3. God has called Gary home. I will miss him & his smiling face. Everyday for the last 13 years he has delivered our mail at 11 South Street. Those “shorts” will always be with me. My deepest sympathies to his wife & family. May the peace of Christ sustain you in your grief. Gary, I pray your soul be will be at peace, now & forever. Your friend Cindy, whom you cheered up daily.

  4. Rest in peace my dear smiling classmate. You will be remembered by all of us. We love you Gary!!

  5. Gary was a great guy. He was a man who stood for right. His talent went far beyond . NEWJersey has lost a great man. Kinston has lost a Son.

  6. I’ve since moved away, but the 7 years I used to work in Morristown were always brightened by Gary’s warm smiles and deep laughs. He genuinely enjoyed people, and his positive nature radiated and touched everyone lucky enough to be around him. I haven’t seen him in over 7 years, but I’m truly heartbroken. He has touched so many hearts, and I will be remember him as one of the truly good ones.

  7. God’s light beamed right through him everyday on his route without fail. I looked forward to seeing him daily on my walk. Stunning that he is gone. May his example of faith, kindness and boundless optimism live on with those he touched.

  8. I was told that I knew Gary. After reading all the comments about him, I can say if I didn’t know him I do now. You’ve taken your rest. You will be forever remembered and held dearly in those who knew you.

  9. So very sad. Gary was a beacon of positivity bringing a smile to everyone’s face. Loved seeing his big broad smile every single day. He’ll truly be missed. Amazing the impact he made on everyone who came to know him in Morristown. He was truly one in a million!! Heartfelt condolences to his family.

  10. We, the Kinston High School Class of 1977 extend our deepest condolences to the family of Gary, our beloved classmate. We pray for comfort and peace as you go through the days ahead. Rest easy dear friend.

  11. Aikou will miss you ,a good guy Gary ! always smile and nice talking , always around the morristown busy on the street ! thanks Gary !

  12. real sad to hear about this, my condolences to the Nobles family. I’m a Dover carrier and always enjoyed chatting it up with Gary whenever I was on his route. He was a great guy and will be missed by the Dover letter carriers.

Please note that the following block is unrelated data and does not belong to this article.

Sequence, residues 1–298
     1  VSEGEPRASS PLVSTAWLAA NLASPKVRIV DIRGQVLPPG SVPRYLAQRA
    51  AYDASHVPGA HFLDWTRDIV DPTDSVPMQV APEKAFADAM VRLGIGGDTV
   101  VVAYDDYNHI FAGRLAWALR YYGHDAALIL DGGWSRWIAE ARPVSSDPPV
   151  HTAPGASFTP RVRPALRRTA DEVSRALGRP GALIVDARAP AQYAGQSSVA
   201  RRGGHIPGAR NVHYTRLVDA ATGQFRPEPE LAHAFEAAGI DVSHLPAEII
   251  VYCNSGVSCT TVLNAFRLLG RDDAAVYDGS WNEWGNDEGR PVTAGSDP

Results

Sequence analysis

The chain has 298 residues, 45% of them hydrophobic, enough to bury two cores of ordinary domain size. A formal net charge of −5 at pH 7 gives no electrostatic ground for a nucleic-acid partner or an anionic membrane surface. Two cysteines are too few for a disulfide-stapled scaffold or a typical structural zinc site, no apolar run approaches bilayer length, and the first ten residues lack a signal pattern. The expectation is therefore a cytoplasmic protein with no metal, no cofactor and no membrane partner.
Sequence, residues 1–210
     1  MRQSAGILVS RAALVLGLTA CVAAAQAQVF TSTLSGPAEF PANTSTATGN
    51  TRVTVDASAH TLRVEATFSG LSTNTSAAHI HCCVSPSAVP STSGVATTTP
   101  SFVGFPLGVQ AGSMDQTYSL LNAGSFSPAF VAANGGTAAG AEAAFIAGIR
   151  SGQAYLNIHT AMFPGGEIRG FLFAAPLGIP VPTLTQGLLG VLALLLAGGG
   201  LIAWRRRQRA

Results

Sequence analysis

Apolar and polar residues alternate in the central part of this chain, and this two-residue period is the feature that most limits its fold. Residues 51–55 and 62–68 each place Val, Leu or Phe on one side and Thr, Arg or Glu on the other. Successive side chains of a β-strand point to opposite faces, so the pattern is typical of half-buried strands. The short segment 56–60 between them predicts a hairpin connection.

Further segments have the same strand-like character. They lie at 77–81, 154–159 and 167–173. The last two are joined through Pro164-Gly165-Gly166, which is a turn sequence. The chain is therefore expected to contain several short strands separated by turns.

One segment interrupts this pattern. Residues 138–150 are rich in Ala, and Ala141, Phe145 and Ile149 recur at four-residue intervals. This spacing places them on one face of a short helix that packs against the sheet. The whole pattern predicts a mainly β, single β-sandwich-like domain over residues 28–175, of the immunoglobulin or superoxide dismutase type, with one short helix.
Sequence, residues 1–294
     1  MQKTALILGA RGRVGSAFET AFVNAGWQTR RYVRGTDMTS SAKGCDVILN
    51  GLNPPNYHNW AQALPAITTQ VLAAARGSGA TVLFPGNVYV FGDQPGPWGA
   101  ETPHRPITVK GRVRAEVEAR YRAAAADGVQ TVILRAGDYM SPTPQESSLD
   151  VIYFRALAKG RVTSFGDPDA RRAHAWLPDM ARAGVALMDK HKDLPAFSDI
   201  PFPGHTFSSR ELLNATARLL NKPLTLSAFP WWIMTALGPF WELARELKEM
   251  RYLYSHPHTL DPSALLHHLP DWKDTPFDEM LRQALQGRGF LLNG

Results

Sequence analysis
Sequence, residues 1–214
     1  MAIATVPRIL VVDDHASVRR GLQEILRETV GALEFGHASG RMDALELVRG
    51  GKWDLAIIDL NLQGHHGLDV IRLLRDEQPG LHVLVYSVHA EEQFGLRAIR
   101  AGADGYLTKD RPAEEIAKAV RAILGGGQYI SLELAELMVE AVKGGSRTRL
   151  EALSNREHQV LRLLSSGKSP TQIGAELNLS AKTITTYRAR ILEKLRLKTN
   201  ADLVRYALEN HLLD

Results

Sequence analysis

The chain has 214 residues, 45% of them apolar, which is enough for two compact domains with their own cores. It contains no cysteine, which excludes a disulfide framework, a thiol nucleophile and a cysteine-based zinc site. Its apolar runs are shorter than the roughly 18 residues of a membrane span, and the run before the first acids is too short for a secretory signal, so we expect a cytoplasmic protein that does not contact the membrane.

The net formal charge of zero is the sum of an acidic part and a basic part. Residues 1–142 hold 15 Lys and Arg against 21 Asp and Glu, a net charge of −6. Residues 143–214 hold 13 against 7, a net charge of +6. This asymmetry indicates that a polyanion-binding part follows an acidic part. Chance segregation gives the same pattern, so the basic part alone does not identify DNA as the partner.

13. A great friend. A man i had the privilege of playing basketball with.He we be missed. He touch the lives of many.He could make you laugh. Thank you Mr.Gary Nobles

  14. Wow I’m in shock. I retired in October 2018 and Gary and I would often talk about retiring. Gary and his wife were a couple of the nicest people on my route. May God be with the Noble family in their time of grief.

  15. Sad time as we mourn the passing of an Angel. He was kind . He was the best of men.
    Will miss him.
    I hope we can follow this angel’s lead , and be as kind and good as he was.
    His smile lives on!

  16. I didn’t know Gary Nobles well. We would exchange quick hellos and smiles when he delivered the mail to Smart World Coffee and acknowledged me in my habitual corner seat. When I was walking the side streets of Morristown, trying to fill my daily quota of steps, I would sometimes cross his mail delivery path. I would joke that he got paid to get his steps. He would laugh. He was a busy man, but we would sometimes exchange a little small talk, most often about basketball. This morning, I went online to get my morning dose of MorristownGreen news, and I was shocked to learn of his death. He always appeared so healthy and vibrant. As casual as our relationship was, his death will leave a void with me. I am sure there are many who feel the same. Gary was an antidote to the uncivil world we often experience. I will miss him.

  17. Quite possibly one of the most genuine nicest guys I have ever met! I have worked the streets of Morristown and have been friends with Gary over 25 yrs and I can honesty say I don’t ever recall a day he was in a bad mood! Gary touched the lives of all he encountered and left us all with a warm smile, a kind word and the challenge of being good to one another as human beings! His legacy will live forever but the streets of Morristown truly will never be the same! Rest easy my friend…love and miss ya brother!! We are all better for having made your acquaintance!

  18. Perhaps one of the nicest most genuine guys I have ever met…a warm smile and a kind word for all he encountered! I’ve been Gary’s friend for 25 yrs and to say I am saddened would be an understatement! Truly one of a kind and we are all better for having made his acquaintance, the streets of Morristown will never be the same! Miss ya brother!

  19. This is going to be hard especially when you would see him just about every day. I’ve known Gary for over 20 years and just chatted with him last Friday. Going to really miss his smile and great personality… what a magical man.

  20. Tears, the ones you cry when you loose a loved one; they fill your eyes, your nose, your throat, and your heart hurts. We’ve lost a shining light but we all know the magic of a smile thanks to Gary.